Price Per Person:


Restaurant Type:

Vegas4Visitors Rating:

Monte Carlo

3770 Las Vegas Blvd. S.

Las Vegas, NV 89109




Mon-Sat 11:30am-11pm

Sun 9am-11pm




What is it?

A honky tonk style restaurant and bar with a casual atmosphere and good food.

Where is it?

At Monte Carlo on the South Strip.

What kind of food is served?

Big portions of hearty, stick to your ribs, American food.

What is the atmosphere like?

Done up like a southern roadhouse with four bars and a big outdoor dining patio.

How is the service?

Excellent throughout the meal.

What are the prices like?

About typical for this type of restaurant on The Strip.

What else do I need to know?

They have frequent live entertainment at night that really kicks up the party atmosphere.

What's the bottom line?

A welcome addition to South... South Strip, that is.



Casual restaurants like this one are all the rage in Vegas these days. It serves up huge portions of hearty, stick-to-your ribs food in a laid back atmosphere at prices that may not be exactly cheap but aren't outrageously expensive either. The list of eateries that are doing the same basic thing includes Citizens Kitchen, Culinary Dropout, Dick's Last Resort, Gilley's, Guy Fieri's Vegas Kitchen PUB 1842, the Pub at Monte Carlo, pretty much anything with the word "pub" in the title, and pretty much every theme restaurant in town from Margaritaville to the Hard Rock Café. Call it the TGIFification of Sin city.

This particular example of the breed starts off with a great location and design. It's on the north end of Monte Carlo, right along The Strip and is, essentially completely open to the outside. Great big glass doors allow the exterior dining patio to blend almost seamlessly inside, making it light, bright, and airy. The overall aesthetic is like a southern roadhouse, with lots of exposed ductwork, brick, and metal accents giving off an industrial vibe. It's comfortable and casual - the kind of place you want to park yourself at and not leave for awhile.

Explaining a lot about its aura is the fact that there are four (!!) separate bars in the relatively small space. They serve a wide variety of both down home and handcrafted cocktails plus wine, wine coolers, draft beer, bottled beer, frozen drinks, and more.

As far as the food goes, you're talking good old American food here, much of it with a decided Down South spin. Snacky starters include mini corn dogs, deviled eggs, nachos, wings, and more. We sampled the quite fine corn chowder, topped with bacon bits and sour cream, and the crispy meatloaf appetizer, breaded and fried and then served with a bacon ketchup. Yes, I said bacon ketchup. Why didn't I think of that? It was delicious with just the right amount of spicy kick to keep it interesting.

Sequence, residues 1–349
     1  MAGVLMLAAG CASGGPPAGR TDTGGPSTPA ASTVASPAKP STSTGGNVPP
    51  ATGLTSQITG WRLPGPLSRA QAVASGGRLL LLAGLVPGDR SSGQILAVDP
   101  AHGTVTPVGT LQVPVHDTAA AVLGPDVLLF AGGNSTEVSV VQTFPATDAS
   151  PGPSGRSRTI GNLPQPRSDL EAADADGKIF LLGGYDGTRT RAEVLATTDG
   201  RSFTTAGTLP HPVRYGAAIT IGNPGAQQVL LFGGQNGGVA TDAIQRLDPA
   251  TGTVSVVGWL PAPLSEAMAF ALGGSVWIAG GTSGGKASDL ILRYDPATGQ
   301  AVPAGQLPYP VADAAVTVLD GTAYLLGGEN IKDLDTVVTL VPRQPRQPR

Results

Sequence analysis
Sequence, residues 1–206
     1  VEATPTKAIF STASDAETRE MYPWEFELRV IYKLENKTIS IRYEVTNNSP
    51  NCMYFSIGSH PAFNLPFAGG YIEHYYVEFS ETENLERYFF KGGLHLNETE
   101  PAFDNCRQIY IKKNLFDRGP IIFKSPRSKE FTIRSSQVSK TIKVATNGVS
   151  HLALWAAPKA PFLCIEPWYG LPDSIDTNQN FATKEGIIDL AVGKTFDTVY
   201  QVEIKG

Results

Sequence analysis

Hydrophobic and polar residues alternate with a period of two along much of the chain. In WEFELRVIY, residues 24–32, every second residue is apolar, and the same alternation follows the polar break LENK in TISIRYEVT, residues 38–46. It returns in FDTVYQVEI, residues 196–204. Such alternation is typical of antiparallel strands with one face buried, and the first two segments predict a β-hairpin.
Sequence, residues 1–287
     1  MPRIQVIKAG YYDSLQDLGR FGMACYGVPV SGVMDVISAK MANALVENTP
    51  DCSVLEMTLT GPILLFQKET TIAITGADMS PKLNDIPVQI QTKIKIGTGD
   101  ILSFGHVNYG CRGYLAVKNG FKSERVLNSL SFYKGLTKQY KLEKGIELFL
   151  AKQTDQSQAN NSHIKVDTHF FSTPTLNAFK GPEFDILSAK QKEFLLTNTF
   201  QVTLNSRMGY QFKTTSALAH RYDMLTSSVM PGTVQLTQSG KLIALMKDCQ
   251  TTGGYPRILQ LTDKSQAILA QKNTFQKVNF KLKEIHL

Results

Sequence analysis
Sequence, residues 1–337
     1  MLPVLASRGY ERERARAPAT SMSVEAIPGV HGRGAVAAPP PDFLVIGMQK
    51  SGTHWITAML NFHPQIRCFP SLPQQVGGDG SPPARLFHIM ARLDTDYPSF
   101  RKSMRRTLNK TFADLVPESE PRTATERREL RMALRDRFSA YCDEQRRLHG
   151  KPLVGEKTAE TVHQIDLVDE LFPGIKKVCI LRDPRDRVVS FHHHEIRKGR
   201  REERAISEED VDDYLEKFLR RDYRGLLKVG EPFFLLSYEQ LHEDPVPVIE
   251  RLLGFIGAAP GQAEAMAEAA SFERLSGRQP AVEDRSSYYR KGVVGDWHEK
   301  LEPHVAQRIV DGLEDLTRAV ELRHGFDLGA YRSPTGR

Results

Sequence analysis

If you have a hard time deciding on which appetizer to get, you can order the "Tower," which gives you a choice of five different ones plus nachos. It's roughly the size of a Buick.

There are a few salads, but as I have said about many places like this, really? You can fool yourself all you want but you're not fooling me. You really want the shrimp and cheesy grits or the half rack of St. Louis ribs, don't you? Did I mention they slow smoke their BBQ for hours so it is falling-off-the-bone tender? But okay, if you really want the salad the "Farmer's" variety is basically a farmer's market in a bowl with field greens, hard-boiled eggs, tomatoes, cucumbers, blue cheese dressing, and more.

The sliders are a good way to go if you are hungry but not insanely hungry and don't want to have leftovers. BBQ beef or pork, mushroom, Buffalo or fried chicken are the options. I sampled the latter, served on Hawaiian rolls with grilled poblano peppers and ranch and was very happy with my choice.

"Boss Plates" come with a choice of a side and a biscuit and include options like the aforementioned BBQ, fried chicken, Pacific swordfish, a pork chop, and more.

"Plate Specials" have more of that downhome flair with items like a chicken pot pie, chicken fried steak, pork shank, and even a cowboy steak.

Burgers and sandwiches round out the menu. From this section we sampled the pulled pork, served on a sweet Texas toast with a tangy mustard-based BBQ, and the grilled cheese, also served on the toast but with a parmesan crust, big tomatoes, and thick-cut bacon. Both were terrific but if they got thrown into a cage to fight for supremacy the grilled cheese would win by a mile and then promptly go on to kick the ass of every other grilled cheese that came to challenge it. It was a really good grilled cheese.

Desserts are silly fun. I was going to try the birthday cake, complete with candles and decorations, or pie in a jar options (a slice of peanut butter or lemon meringue served in a glass jar) but in the end went with the deep fried s'mores.

Salad? Really?

I was actually a bit disappointed in the s'mores. They were like little beignets - graham crackers stuffed with marshmallow and chocolate, then battered and deep fried, but the batter made them more dough than anything else and it overwhelmed the richness of the filling. The chocolate chunk cookies that I took to eat on the plane later were much more successful.

Service was great - friendly, knowledgeable, and patient.

Appetizers are mostly under $10; salads (really?), sliders, and sandwiches are mostly $13-$15; and plates run from $13 on the low end all the way up to $40 for the 24 ounce cowboy steak. The latter is an exception - most others are under $20.

Those are typical prices for the TGIFification category, but Double Barrel is a cut or two above many of the others in the class (including most with the word "pub" in the title and all of the theme restaurants). But you know what would really kick it up a notch? Maybe they can put the bacon ketchup on a salad...